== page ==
We had a great time at our first such event back in July, discussing our favorite writers, swapping stories of being under intellectual siege in Gotham, and conspiring to rid the world of shallowness, rudeness and Madonna (but I repeat myself). This time we will surely solve Europe’s terrorism problem, come up with a plan to defeat Bill de Blasio, and reimpose reasonable standards of etiquette and civilization on Western society.
If you’d like to join us, please email me at firstname.lastname@example.org for the details.
Among other smart and friendly people, we’ll be joined by writer Robert Wargas, whose September Weekly Standard piece on libertarianism might make for some interesting discussion.
Dalrymple notices something telling in the response of many to the Paris attacks. One example:
The mother of two of the Paris terrorists, one of whom was a suicide bomber, demonstrated how far she had assimilated to contemporary Western culture from her native Algerian, and how well she understood it, when she said that she was sure that the son who blew himself up with explosives in his vest did not intend to kill anyone and acted in the way he did only because of stress. This combines two important modern tropes: that stress excuses all, and that irrespective of someone’s actual conduct, however terrible it may be, there subsists within him a core of goodness that is more real than the superficial badness, such as taking part in mass murder.
A bit of moral exhibitionism causes Dalrymple to conclude, on the Salisbury Review blog, that “The covers of the Lancet are like a hybrid of Pravda and Elmer Gantry.”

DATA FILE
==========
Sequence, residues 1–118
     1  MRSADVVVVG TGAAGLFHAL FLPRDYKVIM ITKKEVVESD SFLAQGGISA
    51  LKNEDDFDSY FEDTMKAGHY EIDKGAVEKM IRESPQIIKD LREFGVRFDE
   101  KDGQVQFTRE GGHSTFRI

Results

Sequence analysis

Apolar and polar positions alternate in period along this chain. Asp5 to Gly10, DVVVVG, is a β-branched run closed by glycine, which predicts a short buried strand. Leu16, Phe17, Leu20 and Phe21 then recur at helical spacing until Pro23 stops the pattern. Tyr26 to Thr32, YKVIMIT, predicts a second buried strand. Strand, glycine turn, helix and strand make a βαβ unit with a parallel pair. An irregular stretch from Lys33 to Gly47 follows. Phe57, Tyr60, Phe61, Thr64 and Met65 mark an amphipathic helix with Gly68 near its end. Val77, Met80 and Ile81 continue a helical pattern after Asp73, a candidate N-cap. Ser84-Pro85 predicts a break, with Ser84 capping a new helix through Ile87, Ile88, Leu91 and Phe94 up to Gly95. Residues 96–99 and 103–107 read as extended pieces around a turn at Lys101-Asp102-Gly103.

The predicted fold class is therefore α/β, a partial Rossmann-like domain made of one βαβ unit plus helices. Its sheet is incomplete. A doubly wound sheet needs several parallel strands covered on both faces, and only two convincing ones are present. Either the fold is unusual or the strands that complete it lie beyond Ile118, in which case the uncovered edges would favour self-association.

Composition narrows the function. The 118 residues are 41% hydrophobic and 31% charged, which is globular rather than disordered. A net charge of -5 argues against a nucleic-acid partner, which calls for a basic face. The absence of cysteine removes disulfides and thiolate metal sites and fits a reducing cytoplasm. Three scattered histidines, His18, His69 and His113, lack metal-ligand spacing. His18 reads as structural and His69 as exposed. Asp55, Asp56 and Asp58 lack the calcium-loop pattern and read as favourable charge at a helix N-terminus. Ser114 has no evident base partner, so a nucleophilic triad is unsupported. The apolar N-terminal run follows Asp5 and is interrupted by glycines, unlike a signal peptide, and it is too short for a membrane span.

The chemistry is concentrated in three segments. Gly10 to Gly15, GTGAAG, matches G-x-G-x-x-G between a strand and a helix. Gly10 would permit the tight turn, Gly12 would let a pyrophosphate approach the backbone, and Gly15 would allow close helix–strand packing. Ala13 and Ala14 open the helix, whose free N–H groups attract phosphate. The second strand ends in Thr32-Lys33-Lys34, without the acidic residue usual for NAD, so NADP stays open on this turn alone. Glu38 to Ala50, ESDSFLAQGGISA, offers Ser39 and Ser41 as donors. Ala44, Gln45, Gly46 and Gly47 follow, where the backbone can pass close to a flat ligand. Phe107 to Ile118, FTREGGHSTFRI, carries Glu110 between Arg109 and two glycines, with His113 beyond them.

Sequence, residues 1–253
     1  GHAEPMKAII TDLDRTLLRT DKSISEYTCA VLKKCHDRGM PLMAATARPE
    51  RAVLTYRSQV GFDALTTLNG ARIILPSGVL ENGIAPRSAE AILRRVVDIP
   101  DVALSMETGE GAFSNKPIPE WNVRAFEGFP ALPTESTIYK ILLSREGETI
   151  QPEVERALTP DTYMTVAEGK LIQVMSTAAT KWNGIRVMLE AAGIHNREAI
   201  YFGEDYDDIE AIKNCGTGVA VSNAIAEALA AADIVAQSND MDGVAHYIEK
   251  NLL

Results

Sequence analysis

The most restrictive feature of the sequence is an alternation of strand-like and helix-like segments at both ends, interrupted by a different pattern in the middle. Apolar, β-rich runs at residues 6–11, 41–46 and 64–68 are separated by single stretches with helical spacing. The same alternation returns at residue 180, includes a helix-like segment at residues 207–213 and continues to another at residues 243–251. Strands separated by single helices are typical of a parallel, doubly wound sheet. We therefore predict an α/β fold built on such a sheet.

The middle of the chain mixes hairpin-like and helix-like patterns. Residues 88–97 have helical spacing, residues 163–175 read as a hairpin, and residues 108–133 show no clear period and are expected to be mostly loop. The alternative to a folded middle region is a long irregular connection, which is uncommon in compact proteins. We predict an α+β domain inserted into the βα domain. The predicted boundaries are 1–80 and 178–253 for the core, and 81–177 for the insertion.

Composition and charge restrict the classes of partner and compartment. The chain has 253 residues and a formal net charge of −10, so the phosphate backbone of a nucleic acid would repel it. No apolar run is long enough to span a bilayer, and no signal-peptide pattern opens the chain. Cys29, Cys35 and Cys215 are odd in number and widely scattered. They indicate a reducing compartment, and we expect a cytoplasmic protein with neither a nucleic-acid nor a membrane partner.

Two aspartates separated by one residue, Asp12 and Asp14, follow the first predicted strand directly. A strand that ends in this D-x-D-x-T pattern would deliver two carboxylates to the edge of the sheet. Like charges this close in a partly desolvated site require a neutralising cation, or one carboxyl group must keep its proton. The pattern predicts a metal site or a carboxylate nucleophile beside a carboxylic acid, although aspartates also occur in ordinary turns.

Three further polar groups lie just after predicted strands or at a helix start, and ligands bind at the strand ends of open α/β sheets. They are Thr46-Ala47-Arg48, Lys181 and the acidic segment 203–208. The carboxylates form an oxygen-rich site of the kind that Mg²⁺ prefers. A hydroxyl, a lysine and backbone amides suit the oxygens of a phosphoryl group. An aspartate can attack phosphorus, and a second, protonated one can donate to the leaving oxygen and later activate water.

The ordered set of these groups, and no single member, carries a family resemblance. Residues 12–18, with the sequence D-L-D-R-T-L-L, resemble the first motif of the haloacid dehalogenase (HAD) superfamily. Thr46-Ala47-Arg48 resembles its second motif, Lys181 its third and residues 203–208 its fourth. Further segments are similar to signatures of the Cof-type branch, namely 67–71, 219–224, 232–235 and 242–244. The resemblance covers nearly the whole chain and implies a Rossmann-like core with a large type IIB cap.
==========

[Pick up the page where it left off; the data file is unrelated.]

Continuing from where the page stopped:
Thankfully, even the most morbid aspects of human behavior (like abuse of the elderly) are studied by specialists intently, so that you and I don’t have to:
A recent review article in the New England Journal of Medicine draws the attention of doctors to the phenomenon that they would probably rather not have to think about. Surveys suggest that about 10 per cent of the elderly (rather alarmingly, from my current personal perspective, defined as those over 60 years of age) are abused…
This piece on the Library of Law and Liberty blog is an excellent look at Molenbeek, Belgium (the center of Islamic terrorism in Europe) and the prevailing ideology there and throughout Europe that has made the continent so vulnerable to Islamism:
A striking thing about the immigration debate before the massacres of November 13 was the almost complete absence of references, at least by the “respectable” politicians, to the national interest of the various countries. The debate was couched in Kantian moral terms….Europe has nothing equivalent to national interest, and if it did, it would have no way of acting on it. A kind of bloodless universalism has rushed in to fill the vacuum, whose consequences are now visible to all. The first thing President Hollande tried to do after the attacks was close the borders; he now talks (understandably, of course) of national security. He talks also of defeating ISIS militarily, but France, along with all of the other European countries, has run down its armed forces in the name of the social security that paid for at least some of the terrorists.
‘British Muslims report big rise in Islamophobia’ said the headlines of an article in the Guardian for 12 November. From the headline, I thought I would read that there had been an increase in the number of vicious attacks on Muslims qua Muslims, or at least of acts of physical desecration.
Not a bit of it. What I read instead were things like the following, taken from a survey of Muslim opinion:
More than two-thirds of Muslims told the survey that they
had heard anti-Islamic comments by politicians, and half
thought that politicians condoned Islamophobic acts.
At Taki’s Magazine, Dalrymple says the modern epidemic of offense-taking is in large part attributable to monomania:
…the real threat to freedom of expression comes nowadays not so much from governments but from those groups of monomaniac citizens who are prepared to devote themselves to ruining the reputation of or making life miserable for those who dare to contradict them. The struggle is an asymmetric one: For by definition the monomaniacs have their one subject, while their opponents have many subjects. The former care desperately and continually about their subject, the latter only moderately and intermittently.